While the politicians in Washington were busy playing brinksmanship with the national economy, the “real” world went through the same cycle seen each January. For those lucky enough to make more money than the Social Security threshold (about $110,000 in 2012) started paying into the system again taking their net pay down. In addition this year, the “payroll tax holiday” was revoked so that everyone who pays into the social security system faced a 2% increase in their deductions or rather, a 2% reduction in their net income.
What does this mean in real terms? For an individual making $60,000/year their contribution rises from around $2,500/year to about $3,700/year. The employer, which must match the contribution sees the same increase in real dollars to pour into the system. While the debate raged on about raising taxes on those making more than $250,000/year and up, a real tax increase slipped through with very little in the way of public discourse or outcry. Curious that.
In addition, in California we saw sales tax rates increase state-wide by 0.25% in January, and many local governments had sales tax measures pass as well. For instance, in Half Moon Bay, the City had a 0.5% sales tax increase pass and San Mateo County had another 0.5% sales tax increase pass on the ballot. Practically, this means as of April 1, 2013, the sales tax rate will have increased from 8.25% to 9.5% for those who shop in Half Moon Bay, the second highest sales tax rate in California as an aside.
While payroll taxes are painful, sales taxes are doubly so. Why you ask? Because the money you are using to purchase those goods and services have already been taxed through the payroll system. I’m not an anti-tax nut, I believe we need to have money that we contribute into a common pool to provide for infrastructure and services that make society possible. However, I do think we need to make some fundamental choices about how we pay tax and what rates are sustainable for the average tax payer out there.
To start, we ought to make a choice about the total tax load (Federal, State, and Local) that will provide for the infrastructure and services we desire. Right now, it’s nearly impossible to determine what one’s tax rate is because we have payroll taxes, mandatory payroll deductions, “insurance” deductions, property tax, bond measures, sales taxes, use taxes, use fees, etc. I can’t prove it, but I suspect that over 50% of the average person’s wages are allocated to taxes, fees, and the like and that is not sustainable in the long run.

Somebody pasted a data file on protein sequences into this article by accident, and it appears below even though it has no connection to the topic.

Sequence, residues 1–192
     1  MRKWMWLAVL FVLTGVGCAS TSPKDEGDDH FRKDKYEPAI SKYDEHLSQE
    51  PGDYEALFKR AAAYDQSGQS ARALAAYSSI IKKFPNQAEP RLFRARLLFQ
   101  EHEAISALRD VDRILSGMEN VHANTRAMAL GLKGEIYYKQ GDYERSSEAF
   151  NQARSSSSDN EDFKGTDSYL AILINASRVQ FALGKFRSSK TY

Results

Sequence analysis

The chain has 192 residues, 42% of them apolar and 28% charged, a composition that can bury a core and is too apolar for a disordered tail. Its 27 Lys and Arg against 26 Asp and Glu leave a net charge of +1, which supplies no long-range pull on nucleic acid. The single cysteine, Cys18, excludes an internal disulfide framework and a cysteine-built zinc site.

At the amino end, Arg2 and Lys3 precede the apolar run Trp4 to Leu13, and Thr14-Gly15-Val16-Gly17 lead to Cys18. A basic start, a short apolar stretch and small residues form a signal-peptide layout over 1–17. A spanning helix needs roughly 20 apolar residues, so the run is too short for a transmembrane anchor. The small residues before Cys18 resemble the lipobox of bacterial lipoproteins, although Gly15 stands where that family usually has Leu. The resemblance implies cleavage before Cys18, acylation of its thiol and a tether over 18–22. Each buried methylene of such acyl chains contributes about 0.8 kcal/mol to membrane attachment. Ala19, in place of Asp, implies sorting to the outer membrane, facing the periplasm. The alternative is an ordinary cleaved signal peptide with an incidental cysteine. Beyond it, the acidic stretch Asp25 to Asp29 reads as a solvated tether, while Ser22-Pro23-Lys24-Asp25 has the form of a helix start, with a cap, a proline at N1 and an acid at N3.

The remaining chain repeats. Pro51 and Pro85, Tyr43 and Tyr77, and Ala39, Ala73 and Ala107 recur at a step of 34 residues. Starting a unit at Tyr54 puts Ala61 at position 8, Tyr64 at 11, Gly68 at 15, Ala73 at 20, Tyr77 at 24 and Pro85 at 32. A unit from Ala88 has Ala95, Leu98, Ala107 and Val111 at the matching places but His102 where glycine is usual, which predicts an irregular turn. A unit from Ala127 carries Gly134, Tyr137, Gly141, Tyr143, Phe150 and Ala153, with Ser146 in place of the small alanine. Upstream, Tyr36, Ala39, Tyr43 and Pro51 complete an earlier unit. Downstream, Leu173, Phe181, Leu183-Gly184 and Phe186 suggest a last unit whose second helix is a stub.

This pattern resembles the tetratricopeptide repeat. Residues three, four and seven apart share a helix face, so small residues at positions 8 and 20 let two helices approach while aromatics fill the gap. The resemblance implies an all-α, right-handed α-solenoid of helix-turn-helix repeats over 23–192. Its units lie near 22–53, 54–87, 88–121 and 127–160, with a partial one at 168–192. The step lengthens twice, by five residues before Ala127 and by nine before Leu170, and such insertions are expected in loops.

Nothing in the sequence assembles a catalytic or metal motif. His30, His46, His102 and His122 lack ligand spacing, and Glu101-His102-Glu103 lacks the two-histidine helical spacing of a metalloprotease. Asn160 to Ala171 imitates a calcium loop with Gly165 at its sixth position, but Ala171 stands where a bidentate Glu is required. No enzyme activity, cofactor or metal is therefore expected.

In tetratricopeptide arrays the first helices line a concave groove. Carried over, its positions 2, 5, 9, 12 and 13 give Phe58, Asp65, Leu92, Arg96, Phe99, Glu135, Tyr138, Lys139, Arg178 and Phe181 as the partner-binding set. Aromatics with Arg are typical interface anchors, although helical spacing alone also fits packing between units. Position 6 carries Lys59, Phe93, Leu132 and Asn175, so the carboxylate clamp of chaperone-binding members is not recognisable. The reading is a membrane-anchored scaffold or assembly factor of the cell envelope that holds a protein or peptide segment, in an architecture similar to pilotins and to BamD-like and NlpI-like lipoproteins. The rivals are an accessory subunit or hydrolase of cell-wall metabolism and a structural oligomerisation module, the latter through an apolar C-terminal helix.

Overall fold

What we should consider is what can afford with 25% of GDP as a tax/fee/whatever threshold and then allocate that 15% to the Feds, 5% to the State, and 5% to the localities to pursue the people’s business. Once we have that in view, make a decision about how to levy those taxes – property taxes and use taxes might be the most equitable way of generating that funding (people do tend to have shelter and do tend to buy things to survive.) Do away with the other hidden taxes and fees and exempt no one (inclusive of corporations with person status) from contributing.
On the flip side, our public servants would need to do the work to sequence, prioritize, and optimize the shared investment we’re making in our government to ensure that the people’s priorities are reflected in that investment. With the rates we’re talking about, government at all levels would be forced to shrink. An additional side benefit of this approach, is it would like remove government interference on topics the government shouldn’t be engaged in anyway. It would also likely force some actual decisions on things like the efficacy of pennies, paper bills, drug policy, etc.
This will likely never happen, but it doesn’t hurt to dream. Right?